The field of dreams


ON THE JOB Bernie Fallon harvesting the corn in Glenisland.

Edwin McGreal

I took a walk to view this crop
It was a sight to see
This fine field of oats with golden seeds
Would fill your heart with glee…
When I found O’Malley’s field of oats
On a hillside in Mayo
Anthony McTigue, O’Malley’s Field of Oats

A field overlooking the R312 Castlebar to Belmullet road has almost become a road hazard.
The field, which looks down on the road and Lough Beltra below, has caused plenty of drivers to avert their eyes from the road.
For, surrounded by rugged, mountainy land that only the most adroit of sheep could survive on stands what could be the most unusual cornfield you will ever see.
And just above it is a lush, green field, also reclaimed from the mountain.
Neither field look like they have any earthly business there, hence the amount of drivers who avert their gaze from the road to the western facing shoulder of Croaghmoyle mountain in Glenisland.
More than 700 feet above sea level is a field of oats, just harvested last week with a lush green field just above it and the land around it gives them a ring of the Bull McCabe’s field to them.
And if the fields themselves caused plenty of sideward glances, then the sight of a combine harvester snaking its way up the steep track late last month to harvest the corn had locals out of their houses looking on in amazement.
Combine harvesters don’t tend to travel west of Castlebar too often and most certainly not for a field on the side of a rugged mountain.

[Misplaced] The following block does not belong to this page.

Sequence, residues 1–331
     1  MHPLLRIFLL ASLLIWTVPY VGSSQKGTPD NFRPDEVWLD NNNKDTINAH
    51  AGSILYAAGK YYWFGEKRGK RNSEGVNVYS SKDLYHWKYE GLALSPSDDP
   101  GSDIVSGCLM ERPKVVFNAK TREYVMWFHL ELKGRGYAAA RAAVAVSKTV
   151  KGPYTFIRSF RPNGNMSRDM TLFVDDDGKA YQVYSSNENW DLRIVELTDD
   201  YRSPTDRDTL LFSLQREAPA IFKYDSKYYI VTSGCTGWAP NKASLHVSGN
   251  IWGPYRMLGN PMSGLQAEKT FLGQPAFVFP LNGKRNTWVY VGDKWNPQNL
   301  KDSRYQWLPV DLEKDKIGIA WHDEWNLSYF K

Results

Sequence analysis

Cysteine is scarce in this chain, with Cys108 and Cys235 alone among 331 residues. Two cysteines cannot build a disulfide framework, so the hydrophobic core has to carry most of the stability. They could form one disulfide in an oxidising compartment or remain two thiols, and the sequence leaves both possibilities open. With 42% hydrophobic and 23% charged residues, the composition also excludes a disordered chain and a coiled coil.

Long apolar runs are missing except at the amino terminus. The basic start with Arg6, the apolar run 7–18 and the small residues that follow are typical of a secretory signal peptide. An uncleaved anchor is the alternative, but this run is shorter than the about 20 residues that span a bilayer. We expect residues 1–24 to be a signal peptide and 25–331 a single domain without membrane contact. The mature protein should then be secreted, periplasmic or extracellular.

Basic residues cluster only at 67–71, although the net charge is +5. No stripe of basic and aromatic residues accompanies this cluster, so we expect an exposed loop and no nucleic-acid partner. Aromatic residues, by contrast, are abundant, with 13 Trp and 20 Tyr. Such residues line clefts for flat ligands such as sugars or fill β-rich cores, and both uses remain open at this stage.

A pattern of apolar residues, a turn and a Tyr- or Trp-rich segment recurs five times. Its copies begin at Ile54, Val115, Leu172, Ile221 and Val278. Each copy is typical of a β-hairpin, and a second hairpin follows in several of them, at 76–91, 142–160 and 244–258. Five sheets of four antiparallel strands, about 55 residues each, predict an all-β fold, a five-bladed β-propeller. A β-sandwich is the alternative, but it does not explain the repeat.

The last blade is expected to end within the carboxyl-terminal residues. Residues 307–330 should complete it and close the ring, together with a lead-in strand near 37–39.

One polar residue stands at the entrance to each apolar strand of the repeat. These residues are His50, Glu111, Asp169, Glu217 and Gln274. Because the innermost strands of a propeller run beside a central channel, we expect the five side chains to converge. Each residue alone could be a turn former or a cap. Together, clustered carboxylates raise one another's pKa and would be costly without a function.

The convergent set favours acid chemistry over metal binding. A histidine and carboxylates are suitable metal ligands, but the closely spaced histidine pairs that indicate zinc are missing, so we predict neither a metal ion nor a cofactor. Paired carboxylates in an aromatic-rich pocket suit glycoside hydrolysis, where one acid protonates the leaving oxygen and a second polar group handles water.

So in what was one of the most unusual jobs Mayo Abbey agricultural contractor Bernie Fallon ever had to do, his Class Combine harvester travelled west on Saturday, September 26 to the field high above Lough Beltra, looking out on the stunning vista of the lake, Clew Bay and Clare Island.
The cornfield yielded a remarkable crop of oats, almost four feet tall, weed free and still standing.
For those who know about these things, it yielded circa 2.5 tonnes to the acre at 16 percent moisture.
The land is owned by local man George O’Malley, the crop of oats was sown by Michael Dyra, an agricultural contractor from Newport with Bernie Fallon harvesting them.
The cornfield was first cultivated seven years ago. Previously it was home for generations to Mayo’s famous heather.
Whereas seaweed and hard work worked the oracle for McCabe’s famous field in the John B Keane classic, Michael Dyra testifies that farmyard manure and lime changed the fields on the side of Croaghmoyle. And, of course, plenty of hard work too.
Mr Dyra also tilled and sowed the field just above the cornfield, with a total of in the region of 25 acres of poor quality land reclaimed from the mountain.  
It was, said Mr Dyra, a ‘project’ George O’Malley took on.
He said he hadn’t set oats in 25 years. There is no call for it in the area for two reasons – weather and the quality of land. It would not necessarily be the most productive work to take on but was a ‘unique challenge’, he concedes.
“There was an awful lot of hard work for what you would get out of it. The good weather in September helped in a big way,” he said.
But it’s an escapade that will stand the test of time.
The field has even had its own song written about it. Anthony McTigue from Beltra just down the road from the cornfield penned the nostalgic ‘O’Malley’s Field of Oats’, reflecting on an old way of life.

These hardy men who worked these fields long ago
Have mowed their way to the great beyond
And are now in heaven’s glow
These men are in our memories
Like the stories of yesteryear
And when I seen O’Malley’s oats
Sure in my eye there was a tear
Anthony McTigue, O’Malley’s Field of Oats